After creating a concentrated sample of Arab females in Arab news, we constructed and validated a coding scheme to measure active vs. passive behavior in news. Our coding study found that Arab women in Arab news display a wider range of “active” behaviors than previous studies had found for Arab women in Western media. This finding struck us as being, on the face of it, good news for media representations of Arab women in the Arab press. But Part I left us with many unanswered questions about the detail behind the good news. Our coding study counted the mentions of Arab women in news, but kept their names, identities, and biographical details anonymized in sterile numbers. Furthermore, our coding study left historical and cultural issues underpinning the surface of the news stories unexamined.
Part II, entitled ‘Canvassing Arab Females in Arab News,’ describes our pursuit of question two. We returned to our corpus but we now removed the narrow lens of our coding study to take a more comprehensive and in-depth look at the Arab females in Arab news. We sought richer interpretive readings of the news summaries coded in Part I and these readings were informed by a voluminous scholarship on gender, human rights, and other related literatures. In Part II, we meet the Arab women we coded in Part I as individuals living in distinct countries with distinct biographies. We meet Arab women who are sometimes outstripping men, sometimes keeping pace, and sometimes falling behind. We meet Arab women of achievement who hold titles and set trends. We meet Arab women who are victims of economic blight, ravaged by war, poverty, ineffective leaders, and brutal politics. We meet women who are empowered and women who are detained or imprisoned, and forced to endure everyday insults and indignities within practices of sexism or misogyny. However, unlike the Western stereotype, Arab women in Arab news are not stigmatized as helpless creatures incapable of fending for themselves. Rather, as we have seen, the appearance of Arab women in hard news is concentrated in the liberal media that are transnational. This concentration means that, when an Arab media source mentions Arab women in hard news, the odds are that the source takes a pro-women editorial stance, takes an interest in reporting on Arab women as a way of spotlighting their imagination, ingenuity, suffering, or marginalization, seeks to expose shortcomings in the Arab societies that leave women at the periphery, and operates at a safe distance from the countries it reports on.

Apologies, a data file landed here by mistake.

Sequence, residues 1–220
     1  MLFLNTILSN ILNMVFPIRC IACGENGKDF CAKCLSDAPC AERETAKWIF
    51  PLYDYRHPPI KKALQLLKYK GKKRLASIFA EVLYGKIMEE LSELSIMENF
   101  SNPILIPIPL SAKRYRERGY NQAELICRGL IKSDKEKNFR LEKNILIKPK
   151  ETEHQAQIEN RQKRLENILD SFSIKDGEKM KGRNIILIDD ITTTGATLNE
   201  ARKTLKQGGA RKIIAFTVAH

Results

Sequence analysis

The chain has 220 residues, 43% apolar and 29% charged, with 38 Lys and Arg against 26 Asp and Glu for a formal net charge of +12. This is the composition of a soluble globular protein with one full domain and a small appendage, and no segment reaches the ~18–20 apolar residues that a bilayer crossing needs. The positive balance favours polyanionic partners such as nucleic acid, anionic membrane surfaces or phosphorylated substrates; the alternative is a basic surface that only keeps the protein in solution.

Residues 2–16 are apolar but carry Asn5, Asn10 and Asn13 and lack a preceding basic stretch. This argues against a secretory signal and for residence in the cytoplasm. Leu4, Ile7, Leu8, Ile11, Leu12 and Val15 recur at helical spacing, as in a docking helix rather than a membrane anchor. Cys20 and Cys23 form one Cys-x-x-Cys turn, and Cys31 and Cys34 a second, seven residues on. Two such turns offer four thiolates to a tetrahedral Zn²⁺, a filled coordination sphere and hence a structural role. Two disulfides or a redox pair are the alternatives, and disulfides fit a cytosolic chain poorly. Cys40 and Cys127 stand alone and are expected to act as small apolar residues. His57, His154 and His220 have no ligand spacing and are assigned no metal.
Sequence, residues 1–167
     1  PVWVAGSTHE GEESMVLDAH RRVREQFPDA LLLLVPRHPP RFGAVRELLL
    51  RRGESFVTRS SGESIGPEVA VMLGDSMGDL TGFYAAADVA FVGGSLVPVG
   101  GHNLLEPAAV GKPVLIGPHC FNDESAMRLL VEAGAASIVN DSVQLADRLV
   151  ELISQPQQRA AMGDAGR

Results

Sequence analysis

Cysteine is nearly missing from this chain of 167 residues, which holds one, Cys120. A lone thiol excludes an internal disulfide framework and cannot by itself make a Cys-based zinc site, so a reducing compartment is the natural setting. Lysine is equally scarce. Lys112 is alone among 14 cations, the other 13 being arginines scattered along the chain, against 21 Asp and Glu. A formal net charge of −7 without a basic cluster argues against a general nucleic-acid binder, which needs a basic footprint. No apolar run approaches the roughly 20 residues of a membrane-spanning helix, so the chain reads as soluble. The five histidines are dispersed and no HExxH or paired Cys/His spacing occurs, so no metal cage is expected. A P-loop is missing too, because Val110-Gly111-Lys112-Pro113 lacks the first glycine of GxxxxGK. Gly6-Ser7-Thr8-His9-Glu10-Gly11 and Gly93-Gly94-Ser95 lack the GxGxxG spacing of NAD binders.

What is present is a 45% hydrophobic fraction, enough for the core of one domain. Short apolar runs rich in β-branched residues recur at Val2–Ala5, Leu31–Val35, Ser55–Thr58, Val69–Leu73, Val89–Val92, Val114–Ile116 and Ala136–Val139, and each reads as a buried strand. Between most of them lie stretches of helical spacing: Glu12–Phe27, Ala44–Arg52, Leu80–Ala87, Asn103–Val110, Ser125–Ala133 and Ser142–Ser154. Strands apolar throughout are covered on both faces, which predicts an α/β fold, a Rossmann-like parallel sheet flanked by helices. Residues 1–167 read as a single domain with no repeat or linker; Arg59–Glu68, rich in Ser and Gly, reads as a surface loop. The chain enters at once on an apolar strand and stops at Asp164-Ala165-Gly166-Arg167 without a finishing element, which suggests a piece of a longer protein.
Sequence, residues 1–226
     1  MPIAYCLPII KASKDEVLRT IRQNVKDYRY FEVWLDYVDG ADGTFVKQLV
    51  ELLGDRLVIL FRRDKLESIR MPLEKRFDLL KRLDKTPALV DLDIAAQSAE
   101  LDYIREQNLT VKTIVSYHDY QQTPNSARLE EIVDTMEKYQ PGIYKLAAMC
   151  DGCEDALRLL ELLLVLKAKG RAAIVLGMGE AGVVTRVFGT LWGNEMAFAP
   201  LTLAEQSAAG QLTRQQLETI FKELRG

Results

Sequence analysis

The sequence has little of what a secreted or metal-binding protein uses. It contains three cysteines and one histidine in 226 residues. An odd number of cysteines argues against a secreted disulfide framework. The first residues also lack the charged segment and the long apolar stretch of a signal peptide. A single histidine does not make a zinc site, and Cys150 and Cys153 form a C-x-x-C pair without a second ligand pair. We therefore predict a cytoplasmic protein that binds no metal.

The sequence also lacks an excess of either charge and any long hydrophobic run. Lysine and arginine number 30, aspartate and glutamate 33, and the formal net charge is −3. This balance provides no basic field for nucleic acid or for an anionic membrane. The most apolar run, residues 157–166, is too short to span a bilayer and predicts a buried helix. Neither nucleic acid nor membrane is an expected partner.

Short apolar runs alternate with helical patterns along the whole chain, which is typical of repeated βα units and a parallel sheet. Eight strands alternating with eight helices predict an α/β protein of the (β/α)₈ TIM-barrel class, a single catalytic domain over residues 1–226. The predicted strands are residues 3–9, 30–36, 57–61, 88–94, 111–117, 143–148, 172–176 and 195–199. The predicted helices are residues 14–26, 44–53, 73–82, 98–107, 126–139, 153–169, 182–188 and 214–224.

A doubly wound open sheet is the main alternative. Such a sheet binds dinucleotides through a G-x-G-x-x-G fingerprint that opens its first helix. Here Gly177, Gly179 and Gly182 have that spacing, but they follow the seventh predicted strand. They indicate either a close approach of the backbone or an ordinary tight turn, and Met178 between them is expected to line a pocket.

The analysis in Part II makes it clear that the active-passive binary so often used to frame Arab women is a Western filter, and a prejudicial one, that does little to actually describe Arab women in Arab news. Part II explodes the concepts of “active” and “passive” into atoms of more operational concepts (e.g. literacy, education, employment, fear, threat, etc.) that are descriptive of both the Arab context and, as we document from the literature on gender and human rights, the global context as well. In Part II, we show that the concepts of active and passive, stripped of their Western biases, are not dichotomous but overlapping categories. Arab women, like women worldwide, are constantly monitoring the passive constraints of their cultures to learn about and test boundaries and to step across them when possible and appropriate. Arab women, like women worldwide, have learned to see passivity less as an insurmountable barrier than as a reality check and a measure against which to mark their own advancement. This book shows that Arab women in Arab news can be identified with significant achievements in the struggle for equality and significant challenges ahead.